Panic disorder is a type of anxiety disorder. People with panic disorder experience recurring unexpected sudden episodes of intense terror and physical symptoms. The physical symptoms can be so severe that many people question if they are having a heart attack. People with panic disorder frequently live in fear of another attack and may be reluctant to leave their homes. This can interfere with socialization and attending work or school. Medication and therapy can rapidly improve the symptoms of panic disorder.
The exact cause of panic disorder is unknown. Researchers suspect that it may be associated with several factors. Some researchers indicate that abnormalities in brain structures or the amount of certain chemicals in the brain can cause inaccurate nerve signals regarding fear and fear responses. There may be a genetic component to this disorder, as it appears to run in families in some cases. Additionally, severe emotional stress such as the death of a loved one, abusive relationships, or other circumstances appears to contribute to panic disorder. Panic disorder is more common in females than males. It most frequently occurs in young adults, but may also occur in children and the elderly. People with panic disorder experience recurrent unexpected panic attacks with at least one attack followed by one month or more of worrying about having another attack or changing behavior related to the attack.
Symptoms of panic disorder include intense feelings and physical symptoms. People with panic disorder experience panic attacks that begin suddenly and without warning. A panic attack may last from a few minutes to over a half-hour. People with panic disorder experience four or more of the following syndromes during an episode:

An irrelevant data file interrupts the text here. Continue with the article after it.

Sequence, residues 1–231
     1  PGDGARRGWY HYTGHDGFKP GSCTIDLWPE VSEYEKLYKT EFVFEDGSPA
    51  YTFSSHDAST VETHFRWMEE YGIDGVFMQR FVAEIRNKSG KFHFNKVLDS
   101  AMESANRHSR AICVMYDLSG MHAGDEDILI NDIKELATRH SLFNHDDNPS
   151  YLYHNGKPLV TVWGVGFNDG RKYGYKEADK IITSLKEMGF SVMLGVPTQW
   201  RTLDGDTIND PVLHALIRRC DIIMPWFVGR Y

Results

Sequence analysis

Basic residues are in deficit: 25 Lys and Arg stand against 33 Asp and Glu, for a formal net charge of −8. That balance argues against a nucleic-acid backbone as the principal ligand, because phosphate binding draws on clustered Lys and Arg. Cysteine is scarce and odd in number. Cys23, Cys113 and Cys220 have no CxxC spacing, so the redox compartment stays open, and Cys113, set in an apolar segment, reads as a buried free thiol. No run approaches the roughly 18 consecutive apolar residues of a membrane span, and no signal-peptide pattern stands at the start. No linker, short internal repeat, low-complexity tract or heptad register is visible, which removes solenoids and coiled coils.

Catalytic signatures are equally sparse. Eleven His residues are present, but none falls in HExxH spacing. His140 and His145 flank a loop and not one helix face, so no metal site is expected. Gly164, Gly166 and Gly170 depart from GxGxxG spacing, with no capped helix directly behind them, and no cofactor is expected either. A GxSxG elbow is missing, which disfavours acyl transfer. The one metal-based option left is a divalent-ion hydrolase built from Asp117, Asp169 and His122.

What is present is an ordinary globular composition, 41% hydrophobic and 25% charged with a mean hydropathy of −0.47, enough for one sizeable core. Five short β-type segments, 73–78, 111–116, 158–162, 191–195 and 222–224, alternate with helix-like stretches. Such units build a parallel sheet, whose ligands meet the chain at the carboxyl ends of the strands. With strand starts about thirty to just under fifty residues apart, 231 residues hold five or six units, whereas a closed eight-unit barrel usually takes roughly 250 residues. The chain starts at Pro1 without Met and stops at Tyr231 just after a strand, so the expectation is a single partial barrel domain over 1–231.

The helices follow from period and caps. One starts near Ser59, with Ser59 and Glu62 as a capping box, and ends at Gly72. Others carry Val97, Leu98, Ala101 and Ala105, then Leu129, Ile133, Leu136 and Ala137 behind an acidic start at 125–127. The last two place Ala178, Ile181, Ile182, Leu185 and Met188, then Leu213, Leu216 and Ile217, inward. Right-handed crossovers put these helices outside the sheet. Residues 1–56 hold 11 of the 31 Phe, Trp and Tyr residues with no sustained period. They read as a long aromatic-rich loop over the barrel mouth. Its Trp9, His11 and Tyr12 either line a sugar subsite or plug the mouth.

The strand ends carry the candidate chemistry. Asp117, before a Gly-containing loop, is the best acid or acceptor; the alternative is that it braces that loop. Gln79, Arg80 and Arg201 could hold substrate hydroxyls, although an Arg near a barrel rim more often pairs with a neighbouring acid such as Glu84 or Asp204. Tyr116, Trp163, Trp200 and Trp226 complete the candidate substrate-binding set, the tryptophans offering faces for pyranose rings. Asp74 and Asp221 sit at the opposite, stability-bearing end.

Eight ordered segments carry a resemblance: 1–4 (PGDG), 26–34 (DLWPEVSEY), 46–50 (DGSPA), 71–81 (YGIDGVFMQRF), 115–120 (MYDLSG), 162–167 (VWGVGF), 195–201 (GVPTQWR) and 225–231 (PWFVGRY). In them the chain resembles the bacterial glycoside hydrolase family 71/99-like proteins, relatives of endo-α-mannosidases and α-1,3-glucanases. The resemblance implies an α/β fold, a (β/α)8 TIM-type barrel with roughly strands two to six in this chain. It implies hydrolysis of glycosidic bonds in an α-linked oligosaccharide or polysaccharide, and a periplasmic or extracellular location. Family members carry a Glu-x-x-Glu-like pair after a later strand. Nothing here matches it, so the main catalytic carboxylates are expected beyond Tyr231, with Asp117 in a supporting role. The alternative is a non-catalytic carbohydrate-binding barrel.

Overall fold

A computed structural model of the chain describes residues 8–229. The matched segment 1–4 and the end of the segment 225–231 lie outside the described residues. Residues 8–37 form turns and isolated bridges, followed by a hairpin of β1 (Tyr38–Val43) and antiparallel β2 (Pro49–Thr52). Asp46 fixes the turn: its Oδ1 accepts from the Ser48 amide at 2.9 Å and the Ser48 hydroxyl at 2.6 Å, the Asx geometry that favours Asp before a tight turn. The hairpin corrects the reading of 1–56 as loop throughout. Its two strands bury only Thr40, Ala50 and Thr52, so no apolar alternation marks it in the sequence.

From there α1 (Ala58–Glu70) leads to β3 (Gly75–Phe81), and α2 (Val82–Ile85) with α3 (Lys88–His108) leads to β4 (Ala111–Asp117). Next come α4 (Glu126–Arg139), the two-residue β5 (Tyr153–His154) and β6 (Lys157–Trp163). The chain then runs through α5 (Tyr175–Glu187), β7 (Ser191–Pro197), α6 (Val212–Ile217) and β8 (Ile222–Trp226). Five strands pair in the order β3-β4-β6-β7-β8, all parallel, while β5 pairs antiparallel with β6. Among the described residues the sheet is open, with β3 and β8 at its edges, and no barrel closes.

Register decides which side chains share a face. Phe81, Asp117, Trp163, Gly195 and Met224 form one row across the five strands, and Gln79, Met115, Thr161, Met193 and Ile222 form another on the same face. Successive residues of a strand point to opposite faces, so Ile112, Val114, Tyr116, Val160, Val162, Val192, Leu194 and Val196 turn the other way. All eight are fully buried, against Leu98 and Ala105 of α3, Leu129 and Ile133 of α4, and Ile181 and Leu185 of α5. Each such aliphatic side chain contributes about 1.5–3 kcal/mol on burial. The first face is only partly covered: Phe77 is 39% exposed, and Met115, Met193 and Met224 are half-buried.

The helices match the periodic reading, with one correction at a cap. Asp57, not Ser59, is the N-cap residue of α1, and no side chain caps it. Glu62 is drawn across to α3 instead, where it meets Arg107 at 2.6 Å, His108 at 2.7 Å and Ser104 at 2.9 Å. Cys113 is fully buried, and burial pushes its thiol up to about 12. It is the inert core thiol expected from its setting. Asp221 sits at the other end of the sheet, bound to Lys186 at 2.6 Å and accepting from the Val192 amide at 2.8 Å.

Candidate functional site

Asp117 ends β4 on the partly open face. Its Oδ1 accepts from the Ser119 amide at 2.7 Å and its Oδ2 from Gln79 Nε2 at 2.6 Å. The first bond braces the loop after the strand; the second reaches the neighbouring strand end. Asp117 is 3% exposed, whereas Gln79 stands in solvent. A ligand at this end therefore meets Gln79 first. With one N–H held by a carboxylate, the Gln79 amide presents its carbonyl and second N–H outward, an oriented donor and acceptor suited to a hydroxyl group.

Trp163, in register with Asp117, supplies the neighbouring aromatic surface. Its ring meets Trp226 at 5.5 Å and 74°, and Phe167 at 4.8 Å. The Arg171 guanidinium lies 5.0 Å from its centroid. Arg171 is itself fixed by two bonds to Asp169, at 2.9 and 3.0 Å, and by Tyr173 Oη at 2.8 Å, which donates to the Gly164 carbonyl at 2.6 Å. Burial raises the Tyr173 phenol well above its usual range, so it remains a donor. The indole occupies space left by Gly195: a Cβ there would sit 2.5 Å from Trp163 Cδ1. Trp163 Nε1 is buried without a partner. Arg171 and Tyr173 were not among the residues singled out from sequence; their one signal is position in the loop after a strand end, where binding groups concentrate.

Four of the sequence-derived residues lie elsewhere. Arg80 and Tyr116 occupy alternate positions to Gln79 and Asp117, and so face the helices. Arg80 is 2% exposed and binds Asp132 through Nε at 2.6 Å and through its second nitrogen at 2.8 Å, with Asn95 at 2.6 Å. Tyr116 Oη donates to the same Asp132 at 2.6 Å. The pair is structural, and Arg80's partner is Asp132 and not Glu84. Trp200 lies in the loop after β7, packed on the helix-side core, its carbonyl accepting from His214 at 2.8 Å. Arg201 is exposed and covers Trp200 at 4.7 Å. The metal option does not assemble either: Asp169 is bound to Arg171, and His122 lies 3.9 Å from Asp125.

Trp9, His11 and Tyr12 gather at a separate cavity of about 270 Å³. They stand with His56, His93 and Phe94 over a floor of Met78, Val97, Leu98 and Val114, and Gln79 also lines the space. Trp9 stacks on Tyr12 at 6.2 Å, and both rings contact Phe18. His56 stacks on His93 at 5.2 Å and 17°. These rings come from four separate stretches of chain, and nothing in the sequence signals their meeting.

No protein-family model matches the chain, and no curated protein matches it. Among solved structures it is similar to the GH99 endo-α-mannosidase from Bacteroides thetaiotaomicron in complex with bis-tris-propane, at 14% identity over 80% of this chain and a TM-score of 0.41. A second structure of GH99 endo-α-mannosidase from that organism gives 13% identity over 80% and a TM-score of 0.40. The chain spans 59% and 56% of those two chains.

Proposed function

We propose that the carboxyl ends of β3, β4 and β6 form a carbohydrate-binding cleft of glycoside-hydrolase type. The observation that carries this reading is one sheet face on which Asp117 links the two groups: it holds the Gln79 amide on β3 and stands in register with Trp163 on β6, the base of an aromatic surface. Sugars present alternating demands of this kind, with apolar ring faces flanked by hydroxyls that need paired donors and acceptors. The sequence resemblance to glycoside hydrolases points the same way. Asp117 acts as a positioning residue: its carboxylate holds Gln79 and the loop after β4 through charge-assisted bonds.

You may feel out of control, "losing touch" with reality, fear that you are dying, or afraid that you are going crazy. You may have chest pains and your heart may race. It may be difficult to breathe and swallow. It may feel like you are having a heart attack, but panic disorder is not related to true heart disease. You may experience tightness in your throat or a choking feeling. You may feel dizzy and sweat, shake, or tremble. Your hands and feet may tingle or feel numb. You may hyperventilate. Other symptoms include chills, hot flashes, nausea, and cramps.
Panic disorder may cause people to restrict their lives because of fear of another panic attack. They may stay at home more, quit their job, or avoid common activities such as grocery shopping. This condition is called agoraphobia (fear of public places.) Depression, phobias, substance abuse, and irritable bowel syndrome may also accompany panic disorder.
A psychiatrist can begin to diagnose panic disorder by using specific diagnostic criteria. Your psychiatrist can diagnose co-existing disorders as well. A medical examination may be necessary to rule out heart disease or digestive tract conditions with similar symptoms.
Panic disorder is a real illness and can be treated. The goal of treatment is to alleviate the symptoms and eliminate or reduce the number of panic attacks. Treatment may include medication, individual therapy, group therapy, or a combination of treatments. Appropriate treatment can significantly reduce or prevent panic attacks for the majority of people.